News and Tips on structured settlement transfers.


Common Complaints Against Structured Settlement Buyers

With all the ads featuring happy people singing about getting cash now, you could easily come to believe that the process of selling your structured settlement is easy and worry-free.

You need to protect yourself, however, because people who have gone through the process have complained of potential pitfalls.

Going Back on the Deal.  A typical complaint that is levied against structured settlement buyers is that the buyer changed the amount of the offer through the purchase process.  Many buyers will float a low offer first, just to see if you’ll bite.  Don’t jump at the first offer, and you might just get something better later on.  Buyers will sometimes back out of a deal altogether, presumably if they’ve found something they think is a better investment, or if they’ve run the numbers and decided their offer to you was too high.  If the company does go ahead with the deal, always read all documents and agreements carefully to make sure the buyer doesn’t change the amount of the lump sum payment he originally offered.  If the buyer starts playing tricks with the numbers, walk away from the deal.

Promises Not Kept.  Don’t be lured in by the happy promises made by structured settlement buyers in their ads.  Many buyers will promise to give you the best deal, but the only way to know for sure is to shop around.  A site like makes this easy, so that you can post the details of your settlement and let buyers compete for your business.  Also beware any company that promises a settlement in fewer than 45-60 days.  No matter what state you are in, and no matter how easy the process, a structured settlement sale will always take at least that much time.  Remember that there are agreements to sign, a court process to follow, and legally-mandated “cooling off” periods.  It will take time.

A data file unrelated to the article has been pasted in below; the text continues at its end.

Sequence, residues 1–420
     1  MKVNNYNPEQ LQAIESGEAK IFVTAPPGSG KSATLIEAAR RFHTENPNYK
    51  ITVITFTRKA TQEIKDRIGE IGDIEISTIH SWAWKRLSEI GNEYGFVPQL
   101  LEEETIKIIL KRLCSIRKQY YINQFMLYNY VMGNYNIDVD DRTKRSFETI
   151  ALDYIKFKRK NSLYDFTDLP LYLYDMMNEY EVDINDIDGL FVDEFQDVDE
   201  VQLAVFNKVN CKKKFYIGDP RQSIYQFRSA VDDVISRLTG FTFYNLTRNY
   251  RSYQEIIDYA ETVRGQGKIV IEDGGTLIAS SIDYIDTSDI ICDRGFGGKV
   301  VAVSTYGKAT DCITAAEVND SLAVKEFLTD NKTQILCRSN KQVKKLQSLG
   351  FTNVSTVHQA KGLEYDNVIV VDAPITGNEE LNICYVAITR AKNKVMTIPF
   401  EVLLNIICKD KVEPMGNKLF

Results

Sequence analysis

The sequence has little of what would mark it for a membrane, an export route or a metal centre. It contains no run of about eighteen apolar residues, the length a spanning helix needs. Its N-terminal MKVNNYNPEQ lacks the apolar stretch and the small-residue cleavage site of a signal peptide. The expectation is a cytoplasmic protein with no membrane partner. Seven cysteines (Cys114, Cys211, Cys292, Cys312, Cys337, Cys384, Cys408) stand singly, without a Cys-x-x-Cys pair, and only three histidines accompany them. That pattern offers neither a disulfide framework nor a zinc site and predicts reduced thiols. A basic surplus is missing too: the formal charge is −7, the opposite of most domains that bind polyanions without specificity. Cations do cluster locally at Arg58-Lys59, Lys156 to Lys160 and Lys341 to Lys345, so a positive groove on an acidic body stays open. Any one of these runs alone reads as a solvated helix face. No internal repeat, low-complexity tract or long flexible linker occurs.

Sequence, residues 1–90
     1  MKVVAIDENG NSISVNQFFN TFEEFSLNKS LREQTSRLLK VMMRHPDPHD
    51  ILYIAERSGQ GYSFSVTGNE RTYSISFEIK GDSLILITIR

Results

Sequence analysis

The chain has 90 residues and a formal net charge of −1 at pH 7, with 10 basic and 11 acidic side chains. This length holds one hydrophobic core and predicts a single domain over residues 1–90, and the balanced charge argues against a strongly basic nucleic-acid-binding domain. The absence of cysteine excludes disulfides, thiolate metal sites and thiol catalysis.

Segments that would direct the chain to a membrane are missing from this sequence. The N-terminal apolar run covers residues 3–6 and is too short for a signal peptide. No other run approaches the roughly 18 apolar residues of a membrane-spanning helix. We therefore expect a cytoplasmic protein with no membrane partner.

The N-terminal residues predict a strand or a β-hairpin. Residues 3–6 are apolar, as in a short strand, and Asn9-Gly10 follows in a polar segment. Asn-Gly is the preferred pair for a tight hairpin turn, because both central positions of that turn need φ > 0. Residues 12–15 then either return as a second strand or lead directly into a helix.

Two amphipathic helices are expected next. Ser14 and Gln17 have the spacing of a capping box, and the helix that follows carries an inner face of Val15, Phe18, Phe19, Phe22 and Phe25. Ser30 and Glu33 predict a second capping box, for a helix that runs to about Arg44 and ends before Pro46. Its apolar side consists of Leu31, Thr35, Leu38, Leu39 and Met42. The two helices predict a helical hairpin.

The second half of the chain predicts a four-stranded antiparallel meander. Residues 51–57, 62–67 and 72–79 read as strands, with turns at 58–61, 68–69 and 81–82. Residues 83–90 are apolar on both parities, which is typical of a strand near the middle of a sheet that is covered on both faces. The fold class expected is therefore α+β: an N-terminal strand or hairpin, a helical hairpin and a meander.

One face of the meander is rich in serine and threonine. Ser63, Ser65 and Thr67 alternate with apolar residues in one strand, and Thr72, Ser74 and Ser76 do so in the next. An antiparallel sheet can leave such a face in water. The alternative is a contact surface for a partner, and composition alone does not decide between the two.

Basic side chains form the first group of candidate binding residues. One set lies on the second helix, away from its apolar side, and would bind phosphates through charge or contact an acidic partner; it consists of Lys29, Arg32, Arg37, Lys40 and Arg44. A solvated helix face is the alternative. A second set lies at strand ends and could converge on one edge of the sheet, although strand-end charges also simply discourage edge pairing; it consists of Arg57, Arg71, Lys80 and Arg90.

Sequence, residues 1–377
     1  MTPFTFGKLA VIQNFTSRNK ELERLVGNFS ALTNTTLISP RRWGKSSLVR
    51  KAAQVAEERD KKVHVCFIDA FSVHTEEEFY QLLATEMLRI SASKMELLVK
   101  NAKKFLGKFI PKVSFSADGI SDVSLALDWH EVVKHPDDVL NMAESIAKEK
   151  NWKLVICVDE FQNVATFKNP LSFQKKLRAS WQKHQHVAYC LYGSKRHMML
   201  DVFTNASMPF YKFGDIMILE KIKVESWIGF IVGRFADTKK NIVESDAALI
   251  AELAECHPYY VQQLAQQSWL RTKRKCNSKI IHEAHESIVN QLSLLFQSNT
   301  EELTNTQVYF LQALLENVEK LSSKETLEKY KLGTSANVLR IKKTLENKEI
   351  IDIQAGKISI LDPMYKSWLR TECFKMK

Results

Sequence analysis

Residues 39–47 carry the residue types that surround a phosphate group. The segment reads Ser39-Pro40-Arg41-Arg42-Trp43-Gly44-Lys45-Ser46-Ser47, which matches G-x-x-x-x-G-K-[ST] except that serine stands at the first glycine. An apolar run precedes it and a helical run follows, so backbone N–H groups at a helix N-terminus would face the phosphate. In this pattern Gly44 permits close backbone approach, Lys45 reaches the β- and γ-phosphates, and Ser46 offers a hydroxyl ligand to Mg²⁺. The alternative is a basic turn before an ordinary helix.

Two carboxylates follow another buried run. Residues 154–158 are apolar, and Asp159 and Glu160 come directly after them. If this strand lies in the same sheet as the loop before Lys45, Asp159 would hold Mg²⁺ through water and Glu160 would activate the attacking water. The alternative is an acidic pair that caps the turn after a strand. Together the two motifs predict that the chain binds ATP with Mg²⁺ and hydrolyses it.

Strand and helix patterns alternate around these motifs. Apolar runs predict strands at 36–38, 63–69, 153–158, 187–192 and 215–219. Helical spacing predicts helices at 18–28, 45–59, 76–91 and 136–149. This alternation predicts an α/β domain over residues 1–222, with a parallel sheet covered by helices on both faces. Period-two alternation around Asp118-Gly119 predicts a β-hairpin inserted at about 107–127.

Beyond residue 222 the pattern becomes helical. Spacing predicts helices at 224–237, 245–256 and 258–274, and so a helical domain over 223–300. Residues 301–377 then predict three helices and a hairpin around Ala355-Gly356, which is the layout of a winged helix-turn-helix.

Where’s My Money?  Unfortunately, some companies enter into agreements to buy a structured settlement, but come up short on cash and don’t pay the seller.  A reputable company will release the seller from this agreement, but some companies have actually refused to do this – so the seller not only was out of his structured settlement, he was never paid for it.  Sneaky Fees.  You shouldn’t have to pay court fees or processing fees to sell your structured settlement, so beware any company that tries to pass these on to you.  Again, read all contracts and documents carefully, and have an idea of the fees prohibited by your state’s structured settlement statute.

The best way to make sure your prospective structured settlement buyer won’t pull any of these dirty tricks is to check them out at the Better Business Bureau.  You can see what other sellers have to say about these companies.  If you find that some of them have pulled dirty tricks, think carefully about using them.

If you need help selling your structured settlement, annuity or lottery payments,
contact us today. We are here to answer your questions and help you obtain the
highest possible price for your payments.

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